The kid next door went nuts & murdered his father last week. In fact, one week ago this evening. There’s a certain disquietude following such a thing…the Aftermath wagon’s been parked in the driveway everyday. Yesterday afternoon, in almost the exact spot where I first shook Dan Davis’ hand, there sat a red biohazard bin.
I’d only met Dan once, about a month ago when I was first moving into my new place. He possessed a sun-burnished patina and a smiling, mid-life lassitude that made him instantly likable. You could also tell he was intelligent. You just know, sometimes. And friendly; by the end of our brief encounter, he’d already suggested we get some drinks one night. Dan’d mostly come by that day to make sure his son’s car wasn’t in the way of my moving truck. I recall he was cradling a yap-happy chihuahua in one arm — only one of an increasing number of four-legged surrogates his wife had adopted as more of their children headed off to school. He mentioned having a couple of sons still yet living with them, “pre-University, sleeping ’til 2 PM,” he smiled, “you know the drill.”
“Yeah, I met Lance,” I said. Dan’s eyes widened.
“You met Lance? He talked to you?”
I’d met him three or four nights before I’d met Dan. He’d apparently been investigating my frequent comings-and-goings all throughout that week. (I opted for the word investigating even before reading in the deposition where Lance insisted he was a special agent trained by the CIA.)
I was by late that night dropping off some cargo when I heard a voice pop out from somewhere behind me in the dark: “You movin’ in?” His gruff tone sounded cartoonishly affected to my ears, as though he was trying to disguise his voice or sound meaner than he was for some reason. I turned to discover a rangey, slightly pumpkin-headed figure standing on the stacked stone bank dividing our drives. I said hi and then motioned him to the end of the driveway where we might make proper introductions. There in the dark street we shook hands, or rather, I imposed my hand on his. His movements were jerky and bursty and he spoke in a weirdly truncated syntax. Throughout our brief exchange, Lance kept his left hand placed over his mouth. At the time I thought he was simply trying to obscure the ludicrous mustache I managed to glimpse despite his best efforts (I’ve returned to this curious mannerism several times since the incident). Despite his cautious reticence, he explained how he lived in the house behind his parent’s and I responded about what a nice setup that must be, and that I also had a little outbuilding behind my shack that I planned on fixing up. He seemed uneasy, so I kept things short, telling him we’d be seeing each other around. Turns out, we never bumped into one another again.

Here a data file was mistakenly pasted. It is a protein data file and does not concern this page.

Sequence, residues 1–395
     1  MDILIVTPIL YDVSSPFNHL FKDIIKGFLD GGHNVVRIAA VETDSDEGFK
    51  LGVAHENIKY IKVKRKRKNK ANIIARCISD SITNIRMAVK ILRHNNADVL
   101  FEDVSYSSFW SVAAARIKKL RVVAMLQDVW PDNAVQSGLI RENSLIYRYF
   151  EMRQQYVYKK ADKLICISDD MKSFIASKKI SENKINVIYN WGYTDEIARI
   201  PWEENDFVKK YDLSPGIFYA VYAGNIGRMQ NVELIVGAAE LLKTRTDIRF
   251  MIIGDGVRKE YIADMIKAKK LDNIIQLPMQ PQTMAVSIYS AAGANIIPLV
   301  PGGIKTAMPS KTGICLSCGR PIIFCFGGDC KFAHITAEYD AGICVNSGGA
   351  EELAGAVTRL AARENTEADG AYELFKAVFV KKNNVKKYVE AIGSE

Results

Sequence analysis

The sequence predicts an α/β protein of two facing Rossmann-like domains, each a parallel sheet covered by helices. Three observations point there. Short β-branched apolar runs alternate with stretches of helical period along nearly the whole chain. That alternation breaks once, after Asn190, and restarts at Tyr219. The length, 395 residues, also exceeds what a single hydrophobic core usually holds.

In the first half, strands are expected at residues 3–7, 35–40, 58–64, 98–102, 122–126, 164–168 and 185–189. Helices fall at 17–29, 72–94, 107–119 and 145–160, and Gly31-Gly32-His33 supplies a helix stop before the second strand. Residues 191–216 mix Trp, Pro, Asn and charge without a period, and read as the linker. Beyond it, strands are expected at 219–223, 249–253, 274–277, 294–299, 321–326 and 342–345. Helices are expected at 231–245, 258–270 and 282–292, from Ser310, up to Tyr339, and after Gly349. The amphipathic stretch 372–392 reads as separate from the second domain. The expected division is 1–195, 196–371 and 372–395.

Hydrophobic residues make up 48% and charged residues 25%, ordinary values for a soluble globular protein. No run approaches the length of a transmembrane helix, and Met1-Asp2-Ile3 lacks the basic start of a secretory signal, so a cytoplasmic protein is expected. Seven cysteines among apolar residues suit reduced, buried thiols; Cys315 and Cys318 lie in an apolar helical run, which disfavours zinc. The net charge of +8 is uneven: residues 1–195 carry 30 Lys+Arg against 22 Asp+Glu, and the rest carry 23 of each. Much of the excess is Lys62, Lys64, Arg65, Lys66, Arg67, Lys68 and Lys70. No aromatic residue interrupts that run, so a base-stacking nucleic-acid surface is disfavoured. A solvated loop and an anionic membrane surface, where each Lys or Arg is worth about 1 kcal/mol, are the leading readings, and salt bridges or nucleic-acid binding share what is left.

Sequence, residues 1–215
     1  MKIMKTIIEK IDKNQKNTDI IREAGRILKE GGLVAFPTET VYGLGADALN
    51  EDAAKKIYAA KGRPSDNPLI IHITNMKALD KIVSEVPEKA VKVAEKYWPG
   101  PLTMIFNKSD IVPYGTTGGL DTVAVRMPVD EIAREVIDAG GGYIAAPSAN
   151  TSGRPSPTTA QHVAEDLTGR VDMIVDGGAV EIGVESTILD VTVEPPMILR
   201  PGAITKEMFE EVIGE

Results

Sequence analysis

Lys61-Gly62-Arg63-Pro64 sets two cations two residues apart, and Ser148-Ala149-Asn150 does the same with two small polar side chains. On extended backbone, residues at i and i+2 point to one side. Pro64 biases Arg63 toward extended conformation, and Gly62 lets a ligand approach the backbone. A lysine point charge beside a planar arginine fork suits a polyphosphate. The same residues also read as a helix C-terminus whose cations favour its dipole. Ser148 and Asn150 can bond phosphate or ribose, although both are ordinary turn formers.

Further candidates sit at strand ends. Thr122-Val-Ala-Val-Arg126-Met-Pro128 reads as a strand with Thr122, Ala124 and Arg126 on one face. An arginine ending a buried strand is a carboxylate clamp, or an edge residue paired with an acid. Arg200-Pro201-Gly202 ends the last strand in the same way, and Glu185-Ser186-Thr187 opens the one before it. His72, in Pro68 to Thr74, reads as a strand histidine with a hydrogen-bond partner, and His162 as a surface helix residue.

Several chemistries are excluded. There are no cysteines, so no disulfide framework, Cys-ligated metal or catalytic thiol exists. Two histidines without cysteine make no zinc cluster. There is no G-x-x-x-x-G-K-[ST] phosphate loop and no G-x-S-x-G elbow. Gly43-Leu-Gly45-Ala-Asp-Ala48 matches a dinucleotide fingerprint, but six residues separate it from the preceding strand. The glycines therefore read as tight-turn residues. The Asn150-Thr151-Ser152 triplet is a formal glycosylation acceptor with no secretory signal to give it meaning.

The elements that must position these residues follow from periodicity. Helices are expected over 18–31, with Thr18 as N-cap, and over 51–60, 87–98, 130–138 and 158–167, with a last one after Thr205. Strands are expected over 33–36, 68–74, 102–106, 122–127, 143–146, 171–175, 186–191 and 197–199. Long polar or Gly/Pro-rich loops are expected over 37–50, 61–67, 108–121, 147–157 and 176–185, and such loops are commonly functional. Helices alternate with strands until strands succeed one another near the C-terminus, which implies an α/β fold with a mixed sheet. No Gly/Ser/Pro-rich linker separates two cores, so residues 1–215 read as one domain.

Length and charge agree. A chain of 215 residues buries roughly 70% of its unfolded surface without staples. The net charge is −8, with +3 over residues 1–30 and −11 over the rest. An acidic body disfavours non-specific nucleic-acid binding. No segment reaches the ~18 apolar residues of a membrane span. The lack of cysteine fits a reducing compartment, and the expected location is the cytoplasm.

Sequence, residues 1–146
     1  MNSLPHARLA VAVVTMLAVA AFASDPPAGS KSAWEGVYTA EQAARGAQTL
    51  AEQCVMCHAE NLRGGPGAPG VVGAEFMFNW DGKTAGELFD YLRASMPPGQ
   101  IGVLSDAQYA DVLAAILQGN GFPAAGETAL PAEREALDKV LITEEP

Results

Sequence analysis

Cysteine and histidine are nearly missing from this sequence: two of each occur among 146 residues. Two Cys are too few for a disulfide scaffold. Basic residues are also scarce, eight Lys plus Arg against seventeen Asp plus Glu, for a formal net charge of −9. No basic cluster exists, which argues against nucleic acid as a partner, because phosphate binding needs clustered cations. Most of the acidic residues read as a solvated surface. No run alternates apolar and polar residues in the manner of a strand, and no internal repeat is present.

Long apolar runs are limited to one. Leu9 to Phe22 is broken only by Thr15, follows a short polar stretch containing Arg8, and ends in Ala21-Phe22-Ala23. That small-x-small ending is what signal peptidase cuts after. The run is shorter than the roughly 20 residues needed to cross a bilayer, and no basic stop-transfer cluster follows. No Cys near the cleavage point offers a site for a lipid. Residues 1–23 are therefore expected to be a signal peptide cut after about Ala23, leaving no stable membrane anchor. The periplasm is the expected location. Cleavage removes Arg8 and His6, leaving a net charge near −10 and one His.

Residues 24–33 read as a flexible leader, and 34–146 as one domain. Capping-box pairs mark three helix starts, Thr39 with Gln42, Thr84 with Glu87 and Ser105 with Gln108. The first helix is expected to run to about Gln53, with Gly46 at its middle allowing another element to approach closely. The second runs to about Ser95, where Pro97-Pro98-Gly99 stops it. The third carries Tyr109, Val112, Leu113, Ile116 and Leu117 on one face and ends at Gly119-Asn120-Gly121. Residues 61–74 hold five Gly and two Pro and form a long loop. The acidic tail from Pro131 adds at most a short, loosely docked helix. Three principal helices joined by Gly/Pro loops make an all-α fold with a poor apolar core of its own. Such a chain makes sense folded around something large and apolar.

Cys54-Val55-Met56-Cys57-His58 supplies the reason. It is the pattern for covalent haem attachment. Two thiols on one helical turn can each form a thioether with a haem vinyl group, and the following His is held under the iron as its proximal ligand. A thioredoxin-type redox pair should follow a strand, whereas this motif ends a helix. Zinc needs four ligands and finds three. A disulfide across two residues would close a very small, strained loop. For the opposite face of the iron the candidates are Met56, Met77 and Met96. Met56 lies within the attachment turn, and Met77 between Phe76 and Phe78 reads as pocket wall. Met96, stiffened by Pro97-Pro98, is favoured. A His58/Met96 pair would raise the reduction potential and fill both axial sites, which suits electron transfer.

I’ve replayed this encounter over a few times in my head, as probably anyone in my boots would; an unusual enough kid, sure — tetchy even — but then, I’m no paragon of mild manners myself, so who am I to judge? Certainly, there was nothing about my encounter with Lance to suggest he might be capable of cold-blooded patricide.
That’s the thing that I keep coming back to every night: the horror of being destroyed by your own creation. It disturbs to imagine how one may conceive of, create and nourish their own executioner. Think about that — a ticking time bomb made from the flesh of your flesh. As a childless artist, the closest equivalent for me might be dying from a violent paper cut or something.
“You met Lance…” Dan repeated to himself in half reverie. Then he gently cautioned me, should I run into him again — just be nice to him, adding: “He’s autistic.” Perhaps the explanation for everything lies in that single postscript. I don’t know enough about Autism to speak to that. All I know is that the man from next door was stabbed to death by his son — the same son he implored me to be nice to — and it’s ushered forth a suite of new, unusual, and heavy feelings in me that just won’t go away.
(names were changed, etc., etc.)